I re-read Little Women last year and was surprised to find that my memories of the story had been unduly influenced by the wonderful Winona Ryder-Kirsten Dunst-Claire Danes film version I watched as a child; in comparison to the film, half the book appeared to be missing, and I wondered why the filmmakers had taken such liberties in extending the story so far beyond Louisa May Alcott’s imagination! It was then that I realised the film had depicted not just Little Women, but its sequel, (one of three sequels, actually) Good Wives, too, and so off I set to find myself a copy of the latter. I found a gorgeous early 20th century edition that matches my copy of Little Women shortly afterwards, but as usual, it was left to gather dust for a few months before I got around to reading it. I never change! Last week I was finally in the mood for a bit more Louisa May Alcott and so out came Good Wives, and I was enchanted all over again by the world of the March girls.
Good Wives takes off about three years after where Little Women left off. Meg is about to get married, Jo is attempting to launch a literary career, Beth has sadly never recovered from her scarlet fever and is now virtually housebound, and little Amy is maturing fast, and about to go off travelling with a wealthy aunt. Each girl is struggling with her own problems; for Meg, she must learn to be a good wife and mother, and juggle the demands of the two; Jo must learn how to maintain her morals in a corrupt business, and rein in her headstrong and often selfish nature; Beth has to come to terms with the fact that she may never grow old, and learn to enjoy the time she has left without dwelling on what may come, and Amy must learn to put others first, and understand that money and fine things are nothing in comparison to a good heart and unconditional love. As they make their way from childhood to womanhood, each of the four March girls has her own path to tread, and though there is much joy to be found along their way, there is also much sorrow, heartache and lessons to be learned. In all things, they look to the quiet strength and wisdom of their mother, whose gentle reprimands and loving encouragement sees all of them through their trials and helps them to greater appreciate their blessings.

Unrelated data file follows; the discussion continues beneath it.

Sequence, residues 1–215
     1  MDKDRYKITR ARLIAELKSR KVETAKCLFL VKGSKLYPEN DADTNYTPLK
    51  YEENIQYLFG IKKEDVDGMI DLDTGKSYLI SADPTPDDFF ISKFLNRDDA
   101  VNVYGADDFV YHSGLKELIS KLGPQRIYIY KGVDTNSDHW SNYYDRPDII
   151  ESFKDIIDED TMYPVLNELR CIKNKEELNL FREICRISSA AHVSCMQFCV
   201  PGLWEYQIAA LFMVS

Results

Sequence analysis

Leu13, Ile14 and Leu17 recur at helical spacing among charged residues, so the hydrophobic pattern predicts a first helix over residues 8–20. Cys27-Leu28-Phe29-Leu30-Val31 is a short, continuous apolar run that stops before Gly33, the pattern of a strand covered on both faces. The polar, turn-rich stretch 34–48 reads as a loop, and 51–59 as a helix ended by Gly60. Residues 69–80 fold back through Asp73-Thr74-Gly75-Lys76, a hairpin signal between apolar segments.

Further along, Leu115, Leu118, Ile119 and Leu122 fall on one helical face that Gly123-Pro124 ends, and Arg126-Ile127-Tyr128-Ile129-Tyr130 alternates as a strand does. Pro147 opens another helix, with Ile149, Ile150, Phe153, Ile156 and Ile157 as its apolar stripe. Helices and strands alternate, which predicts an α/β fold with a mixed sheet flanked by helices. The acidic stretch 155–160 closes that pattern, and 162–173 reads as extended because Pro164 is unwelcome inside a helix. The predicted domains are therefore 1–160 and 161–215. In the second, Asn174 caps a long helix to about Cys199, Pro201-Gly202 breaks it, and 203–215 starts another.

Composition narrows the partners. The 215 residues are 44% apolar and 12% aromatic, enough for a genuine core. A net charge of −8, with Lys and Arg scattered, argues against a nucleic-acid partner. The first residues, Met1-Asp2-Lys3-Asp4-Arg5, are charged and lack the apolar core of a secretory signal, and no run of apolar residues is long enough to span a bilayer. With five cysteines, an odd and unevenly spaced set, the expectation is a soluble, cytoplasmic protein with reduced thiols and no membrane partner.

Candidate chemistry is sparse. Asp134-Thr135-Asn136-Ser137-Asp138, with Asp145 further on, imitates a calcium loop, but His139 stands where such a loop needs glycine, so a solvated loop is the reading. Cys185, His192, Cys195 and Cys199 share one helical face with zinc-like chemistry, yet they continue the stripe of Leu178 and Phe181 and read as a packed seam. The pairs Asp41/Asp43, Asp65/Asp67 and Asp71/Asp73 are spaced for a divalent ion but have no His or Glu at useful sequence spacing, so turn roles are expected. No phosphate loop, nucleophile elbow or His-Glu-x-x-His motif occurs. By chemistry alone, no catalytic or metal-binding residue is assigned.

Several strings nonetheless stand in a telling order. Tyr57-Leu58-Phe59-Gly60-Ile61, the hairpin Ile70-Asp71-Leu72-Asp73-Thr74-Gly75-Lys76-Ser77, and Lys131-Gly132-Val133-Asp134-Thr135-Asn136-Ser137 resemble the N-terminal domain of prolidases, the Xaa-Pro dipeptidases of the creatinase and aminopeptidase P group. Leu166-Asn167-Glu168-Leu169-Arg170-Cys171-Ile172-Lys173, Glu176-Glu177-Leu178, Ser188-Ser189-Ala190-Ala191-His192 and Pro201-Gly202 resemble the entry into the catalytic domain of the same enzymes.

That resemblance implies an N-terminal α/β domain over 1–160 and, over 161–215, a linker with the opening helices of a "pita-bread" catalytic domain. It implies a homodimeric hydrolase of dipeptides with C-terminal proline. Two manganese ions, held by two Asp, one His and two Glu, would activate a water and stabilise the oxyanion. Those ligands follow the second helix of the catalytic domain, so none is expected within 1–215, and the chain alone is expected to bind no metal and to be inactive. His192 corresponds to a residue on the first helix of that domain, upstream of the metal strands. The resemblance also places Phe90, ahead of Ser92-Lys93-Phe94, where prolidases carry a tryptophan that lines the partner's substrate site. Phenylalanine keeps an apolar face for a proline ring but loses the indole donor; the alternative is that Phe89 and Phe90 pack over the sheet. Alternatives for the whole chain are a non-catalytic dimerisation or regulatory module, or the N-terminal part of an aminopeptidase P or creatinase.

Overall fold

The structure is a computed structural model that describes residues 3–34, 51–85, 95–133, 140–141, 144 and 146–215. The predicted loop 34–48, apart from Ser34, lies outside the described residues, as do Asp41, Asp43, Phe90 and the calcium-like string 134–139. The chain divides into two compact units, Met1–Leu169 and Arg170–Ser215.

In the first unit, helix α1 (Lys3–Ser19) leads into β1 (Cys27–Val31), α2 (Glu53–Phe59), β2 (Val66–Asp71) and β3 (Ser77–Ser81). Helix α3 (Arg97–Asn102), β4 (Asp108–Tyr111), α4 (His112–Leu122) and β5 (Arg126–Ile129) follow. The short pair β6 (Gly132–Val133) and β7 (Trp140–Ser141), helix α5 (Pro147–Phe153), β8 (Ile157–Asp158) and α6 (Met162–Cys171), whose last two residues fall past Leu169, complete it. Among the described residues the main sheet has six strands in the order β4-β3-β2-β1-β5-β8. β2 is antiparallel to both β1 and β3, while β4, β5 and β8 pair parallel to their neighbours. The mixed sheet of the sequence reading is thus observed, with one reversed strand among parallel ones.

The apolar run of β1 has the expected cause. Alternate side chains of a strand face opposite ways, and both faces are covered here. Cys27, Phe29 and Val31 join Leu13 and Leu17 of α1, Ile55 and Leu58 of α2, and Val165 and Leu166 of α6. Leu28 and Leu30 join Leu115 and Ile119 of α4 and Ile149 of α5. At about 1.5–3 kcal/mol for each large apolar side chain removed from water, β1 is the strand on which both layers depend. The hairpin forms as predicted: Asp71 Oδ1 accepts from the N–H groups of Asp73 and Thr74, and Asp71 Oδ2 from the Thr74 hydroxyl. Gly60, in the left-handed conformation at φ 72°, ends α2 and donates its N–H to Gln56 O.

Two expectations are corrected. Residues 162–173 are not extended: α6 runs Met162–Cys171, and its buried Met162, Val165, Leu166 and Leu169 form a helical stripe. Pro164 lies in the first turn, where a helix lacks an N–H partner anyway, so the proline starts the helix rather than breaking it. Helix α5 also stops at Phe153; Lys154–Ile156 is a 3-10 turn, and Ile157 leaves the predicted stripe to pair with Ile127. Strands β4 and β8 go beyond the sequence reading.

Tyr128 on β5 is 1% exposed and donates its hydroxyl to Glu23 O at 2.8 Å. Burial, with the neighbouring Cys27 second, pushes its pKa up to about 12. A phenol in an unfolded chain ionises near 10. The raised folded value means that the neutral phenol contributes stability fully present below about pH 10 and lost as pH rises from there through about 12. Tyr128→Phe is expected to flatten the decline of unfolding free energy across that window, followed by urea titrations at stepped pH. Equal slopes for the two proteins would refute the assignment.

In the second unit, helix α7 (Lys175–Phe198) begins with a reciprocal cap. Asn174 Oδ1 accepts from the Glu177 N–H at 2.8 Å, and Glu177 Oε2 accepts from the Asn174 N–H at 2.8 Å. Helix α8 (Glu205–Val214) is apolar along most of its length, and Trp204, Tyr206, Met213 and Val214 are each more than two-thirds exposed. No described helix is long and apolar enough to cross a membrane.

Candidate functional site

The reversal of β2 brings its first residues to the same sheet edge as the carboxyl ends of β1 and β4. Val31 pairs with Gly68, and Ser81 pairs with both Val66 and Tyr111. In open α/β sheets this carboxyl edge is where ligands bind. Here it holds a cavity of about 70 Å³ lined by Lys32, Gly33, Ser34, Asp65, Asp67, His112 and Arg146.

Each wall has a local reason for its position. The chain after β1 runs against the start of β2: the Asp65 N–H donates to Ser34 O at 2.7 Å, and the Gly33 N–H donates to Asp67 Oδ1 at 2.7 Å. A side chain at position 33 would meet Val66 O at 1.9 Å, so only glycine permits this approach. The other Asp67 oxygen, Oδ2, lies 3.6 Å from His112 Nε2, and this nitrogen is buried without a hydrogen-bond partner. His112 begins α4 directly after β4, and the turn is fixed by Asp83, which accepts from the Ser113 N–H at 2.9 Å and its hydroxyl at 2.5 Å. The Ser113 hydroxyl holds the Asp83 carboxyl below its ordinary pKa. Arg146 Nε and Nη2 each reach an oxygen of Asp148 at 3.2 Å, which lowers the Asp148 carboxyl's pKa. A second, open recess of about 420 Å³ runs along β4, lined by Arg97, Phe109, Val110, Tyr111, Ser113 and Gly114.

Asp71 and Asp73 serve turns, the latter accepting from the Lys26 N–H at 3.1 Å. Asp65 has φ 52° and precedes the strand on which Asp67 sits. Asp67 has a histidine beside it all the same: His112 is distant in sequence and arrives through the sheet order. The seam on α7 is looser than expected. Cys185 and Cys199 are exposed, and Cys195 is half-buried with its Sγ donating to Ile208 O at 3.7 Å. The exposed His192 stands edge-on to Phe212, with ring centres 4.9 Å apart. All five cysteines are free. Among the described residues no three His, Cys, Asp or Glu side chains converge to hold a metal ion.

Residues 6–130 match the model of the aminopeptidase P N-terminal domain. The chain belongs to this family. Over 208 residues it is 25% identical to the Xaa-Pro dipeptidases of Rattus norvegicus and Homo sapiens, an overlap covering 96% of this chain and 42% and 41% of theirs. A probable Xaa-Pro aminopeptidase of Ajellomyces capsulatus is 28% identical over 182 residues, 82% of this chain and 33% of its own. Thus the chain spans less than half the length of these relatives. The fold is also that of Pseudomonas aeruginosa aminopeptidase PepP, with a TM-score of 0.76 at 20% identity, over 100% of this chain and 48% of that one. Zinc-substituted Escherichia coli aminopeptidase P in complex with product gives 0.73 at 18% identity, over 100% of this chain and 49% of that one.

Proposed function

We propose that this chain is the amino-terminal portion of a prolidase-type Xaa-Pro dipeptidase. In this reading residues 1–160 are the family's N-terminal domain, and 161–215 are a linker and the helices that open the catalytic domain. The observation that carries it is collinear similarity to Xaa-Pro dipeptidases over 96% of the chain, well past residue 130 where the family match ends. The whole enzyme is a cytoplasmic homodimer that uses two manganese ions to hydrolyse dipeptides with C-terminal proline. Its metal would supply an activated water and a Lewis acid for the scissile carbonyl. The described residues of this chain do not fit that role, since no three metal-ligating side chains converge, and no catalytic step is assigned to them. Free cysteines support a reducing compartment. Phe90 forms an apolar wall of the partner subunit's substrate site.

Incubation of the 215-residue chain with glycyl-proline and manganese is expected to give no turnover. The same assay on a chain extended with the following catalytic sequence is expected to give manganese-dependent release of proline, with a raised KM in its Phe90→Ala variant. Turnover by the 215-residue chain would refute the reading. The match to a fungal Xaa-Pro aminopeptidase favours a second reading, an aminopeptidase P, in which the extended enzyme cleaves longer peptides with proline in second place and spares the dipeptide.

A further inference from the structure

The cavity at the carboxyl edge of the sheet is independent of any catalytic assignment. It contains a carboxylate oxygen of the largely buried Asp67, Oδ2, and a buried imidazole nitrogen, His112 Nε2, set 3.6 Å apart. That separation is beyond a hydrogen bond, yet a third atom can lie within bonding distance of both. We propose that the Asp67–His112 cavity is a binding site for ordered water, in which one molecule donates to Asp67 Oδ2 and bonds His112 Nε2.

Louisa May Alcott is very much a Victorian writer, in that her stories are all about girls being obedient, self governing, faithful to God and developing characters and hearts that reflect the great virtues of patience, love, and charity, so that they can be a blessing to all around them, and bring perpetual sunshine to their homes. Little Women and Good Wives are a thinly disguised Pilgrim’s Progress, the March girl’s favourite book, and I can understand that the didactic and religious overtones can be a little too much for the modern reader. However, I absolutely adored this book and it gave me a lot to think about, as I dripped tears onto the pages, laughed, and gave satisfied sighs at these delightful girls’ various antics. These books have both made me search my soul and promise myself I will be a better person. More patient, more kind, more compassionate, more considerate, more tactful, more loving…and then I continue to get REALLY ANGRY AT EVERYONE on the tube and fight with my brother and tut loudly behind SLOW people and open my big mouth where it’s not wanted and think evil thoughts about people who take the last seat on the train even though I was clearly waiting ten minutes longer than them…but still, the willingness is there, I suppose, which is a start.
I think any story that makes you want to be the best person you can be has got to be worth reading, and when I closed this book, in the midst of Mrs March smiling at her girls and grandchildren and saying this, this is happiness, and nothing more, it was like a little ray of light beaming into my soul, reminding me that it is the simple things in life, like family, and friends, and sunny days, and walking barefoot on grass, that are important, and not the rest of it that we stress ourselves out about on a daily basis. It might be cheesy, and it might be old fashioned, and the characters might be a little bit too good to be true, but it works for me.
Little Women and Good Wives will always be amongst my favourite books, because they are not concerned with being flashy or different or clever, but about inspiring and encouraging their readers to grow, and change, and love, and dream, and live, and to never give up, because no matter what, life is worth it. What could be better, and truer, than that? I urge you to read them; they’re not just for children, and I promise you’ll close the pages with a smile.
Want to read some Alcott? Join Margot at Joyfully Retired in her All Things Alcott Challenge!